The Bulls, like the Boks, have prioritised the set-pieces and the collisions. They’ve instructed their half-backs to convert forward dominance into territorial gains.
Vermeulen made an interesting point recently when he was asked by The XV to compare the rise of the Bulls in 2020 and 2021 with the rise of the Boks in 2018 and 2019. Rassie Erasmus, of course, took charge of the South African side at a time when they sat at seventh in the World Rugby rankings. That team went on to beat the All Blacks in New Zealand several months later. The following year, a rejuvenated Bok side that boasted all the traditional menace as well as a new attacking edge won the Rugby Championship and the World Cup in Japan.
Vermeulen believes that there are similarities between the two groups, and indeed similarities between the coaches White and Erasmus. The Bulls, like the Boks, have prioritised the set-pieces and the collisions. They’ve instructed their half-backs to convert forward dominance into territorial gains. There has been a new focus on defence, and that has led to counter-attacking opportunities and some wonderful tries against the run of play.
White has looked to develop a wider squad that can maintain its effort over the course of a tournament and indeed a challenging season that will culminate in PRO16 participation. The recent Currie Cup final highlighted the power of the collective, as all 23 players were needed to get the team home over the course of 100 gruelling minutes. The depth of the squad will certainly be a plus during a lengthy and uniquely demanding PRO16 tournament.
The strong culture within the team has also been patent. In the Currie Cup final, White made the big call to take Steyn off shortly before the end of regular time. Steyn’s replacement Chris Smith went on to miss two attempts at goal. What was interesting to see, however, was Steyn shouting encouragement from the sideline and instructing his protege to shake off the disappointment. Smith eventually bounced back in the latter stages of extra-time. It was a stunning example of what this new group represents.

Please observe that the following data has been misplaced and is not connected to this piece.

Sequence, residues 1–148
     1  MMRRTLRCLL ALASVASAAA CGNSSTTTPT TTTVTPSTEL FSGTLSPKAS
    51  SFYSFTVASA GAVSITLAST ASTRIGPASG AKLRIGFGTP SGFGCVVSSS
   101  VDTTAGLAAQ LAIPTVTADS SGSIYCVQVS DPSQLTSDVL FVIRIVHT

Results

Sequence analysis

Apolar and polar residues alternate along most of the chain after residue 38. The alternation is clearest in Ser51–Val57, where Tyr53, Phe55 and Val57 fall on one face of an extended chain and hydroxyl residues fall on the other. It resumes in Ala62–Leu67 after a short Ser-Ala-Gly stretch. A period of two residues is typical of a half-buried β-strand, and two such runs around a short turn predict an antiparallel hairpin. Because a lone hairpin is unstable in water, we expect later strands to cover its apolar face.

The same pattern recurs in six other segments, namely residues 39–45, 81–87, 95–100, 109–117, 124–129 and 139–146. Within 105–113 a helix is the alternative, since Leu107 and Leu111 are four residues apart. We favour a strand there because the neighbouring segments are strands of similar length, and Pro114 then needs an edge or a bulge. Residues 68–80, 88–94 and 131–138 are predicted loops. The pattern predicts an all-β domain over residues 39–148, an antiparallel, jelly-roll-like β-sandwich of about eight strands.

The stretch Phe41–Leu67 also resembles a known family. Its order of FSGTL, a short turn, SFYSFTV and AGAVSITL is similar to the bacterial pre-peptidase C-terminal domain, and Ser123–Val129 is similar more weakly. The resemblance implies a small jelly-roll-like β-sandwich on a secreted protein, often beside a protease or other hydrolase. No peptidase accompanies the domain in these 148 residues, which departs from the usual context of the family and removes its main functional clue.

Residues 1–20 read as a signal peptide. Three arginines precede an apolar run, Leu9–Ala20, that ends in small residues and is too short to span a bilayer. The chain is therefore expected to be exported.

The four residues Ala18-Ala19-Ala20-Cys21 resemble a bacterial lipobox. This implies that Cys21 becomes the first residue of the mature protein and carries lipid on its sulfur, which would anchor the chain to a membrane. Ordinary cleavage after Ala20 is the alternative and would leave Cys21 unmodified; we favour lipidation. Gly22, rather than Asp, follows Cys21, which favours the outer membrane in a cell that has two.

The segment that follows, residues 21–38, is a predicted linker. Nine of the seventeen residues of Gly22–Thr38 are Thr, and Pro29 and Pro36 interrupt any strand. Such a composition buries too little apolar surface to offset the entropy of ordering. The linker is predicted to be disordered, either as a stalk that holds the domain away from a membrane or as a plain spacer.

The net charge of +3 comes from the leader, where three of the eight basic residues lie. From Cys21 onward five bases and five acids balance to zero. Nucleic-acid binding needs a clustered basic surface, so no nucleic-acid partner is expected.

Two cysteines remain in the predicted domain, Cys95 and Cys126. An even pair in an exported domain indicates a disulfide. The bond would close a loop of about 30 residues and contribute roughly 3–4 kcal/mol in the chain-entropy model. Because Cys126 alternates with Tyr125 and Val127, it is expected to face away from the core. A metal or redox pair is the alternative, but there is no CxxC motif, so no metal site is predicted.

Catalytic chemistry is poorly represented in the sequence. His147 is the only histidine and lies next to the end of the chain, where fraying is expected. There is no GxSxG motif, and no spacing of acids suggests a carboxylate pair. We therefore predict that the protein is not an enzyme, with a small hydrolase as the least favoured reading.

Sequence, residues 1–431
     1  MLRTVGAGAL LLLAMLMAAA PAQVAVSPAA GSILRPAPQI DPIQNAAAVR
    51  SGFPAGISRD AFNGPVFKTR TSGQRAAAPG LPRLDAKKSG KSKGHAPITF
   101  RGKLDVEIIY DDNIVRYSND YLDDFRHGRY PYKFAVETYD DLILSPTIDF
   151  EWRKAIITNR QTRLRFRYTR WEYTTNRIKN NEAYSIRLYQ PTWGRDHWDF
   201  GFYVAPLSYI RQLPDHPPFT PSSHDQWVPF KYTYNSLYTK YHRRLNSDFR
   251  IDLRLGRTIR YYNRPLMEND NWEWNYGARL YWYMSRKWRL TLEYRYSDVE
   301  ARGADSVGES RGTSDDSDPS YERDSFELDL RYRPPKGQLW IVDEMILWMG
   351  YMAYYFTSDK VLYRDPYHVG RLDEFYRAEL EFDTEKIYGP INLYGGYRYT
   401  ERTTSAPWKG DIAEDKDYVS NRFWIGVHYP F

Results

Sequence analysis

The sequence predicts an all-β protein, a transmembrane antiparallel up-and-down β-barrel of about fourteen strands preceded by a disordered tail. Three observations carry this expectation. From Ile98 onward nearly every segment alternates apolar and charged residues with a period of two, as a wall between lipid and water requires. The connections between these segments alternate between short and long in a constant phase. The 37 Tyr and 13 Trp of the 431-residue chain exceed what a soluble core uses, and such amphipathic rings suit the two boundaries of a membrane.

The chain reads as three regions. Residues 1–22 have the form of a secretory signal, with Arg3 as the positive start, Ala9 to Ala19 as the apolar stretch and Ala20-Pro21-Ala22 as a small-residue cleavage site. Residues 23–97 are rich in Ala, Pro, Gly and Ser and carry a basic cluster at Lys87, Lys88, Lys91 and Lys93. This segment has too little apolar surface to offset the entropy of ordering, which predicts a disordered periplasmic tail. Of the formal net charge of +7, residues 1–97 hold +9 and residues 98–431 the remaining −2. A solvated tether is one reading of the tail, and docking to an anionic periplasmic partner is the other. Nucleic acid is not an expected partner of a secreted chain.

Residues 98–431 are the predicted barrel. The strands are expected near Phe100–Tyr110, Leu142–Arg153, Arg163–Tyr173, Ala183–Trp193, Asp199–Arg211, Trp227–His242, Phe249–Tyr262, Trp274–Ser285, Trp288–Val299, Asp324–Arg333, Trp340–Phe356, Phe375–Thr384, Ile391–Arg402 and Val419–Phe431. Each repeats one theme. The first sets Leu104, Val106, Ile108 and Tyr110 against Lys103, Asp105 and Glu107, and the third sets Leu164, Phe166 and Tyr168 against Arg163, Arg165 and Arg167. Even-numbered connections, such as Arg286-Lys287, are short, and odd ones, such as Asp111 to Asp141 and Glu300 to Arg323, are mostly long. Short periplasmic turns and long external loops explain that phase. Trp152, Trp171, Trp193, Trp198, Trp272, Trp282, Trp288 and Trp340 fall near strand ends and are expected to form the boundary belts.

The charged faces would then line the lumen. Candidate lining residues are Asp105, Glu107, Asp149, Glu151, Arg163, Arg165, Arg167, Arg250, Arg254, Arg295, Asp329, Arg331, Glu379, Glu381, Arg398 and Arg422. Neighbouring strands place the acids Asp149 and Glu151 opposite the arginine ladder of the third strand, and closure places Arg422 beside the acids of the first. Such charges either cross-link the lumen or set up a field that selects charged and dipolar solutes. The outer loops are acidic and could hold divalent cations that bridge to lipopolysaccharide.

Du Preez openly criticised the previous administration and declined to get involved. More recently, he has accepted White’s offer to work with the team as a consultant. The great Bok scrum-half clearly believes that something special is happening at the franchise and that this team could scale greater heights in the years to come.
The Covid-19 crisis has disrupted the season and put teams under pressure like never before. The Bulls have coped remarkably well and have shown the necessary determination and composure needed to win big matches. While it’s worth pointing out that the Super Rugby Unlocked series as well as the subsequent Currie Cup were domestic tournaments, the progress of the Bulls during this period should not be discounted. Indeed, they may surprise some of the better European teams when they compete in the Rainbow Cup and PRO16.
These are exciting times for the Bulls, who appear well placed to take their revival to the next level. The giant of South African rugby is awake after a long slumber, and will take some stopping when it begins its rampage across the United Kingdom and Europe.
More stories from Jon Cardinelli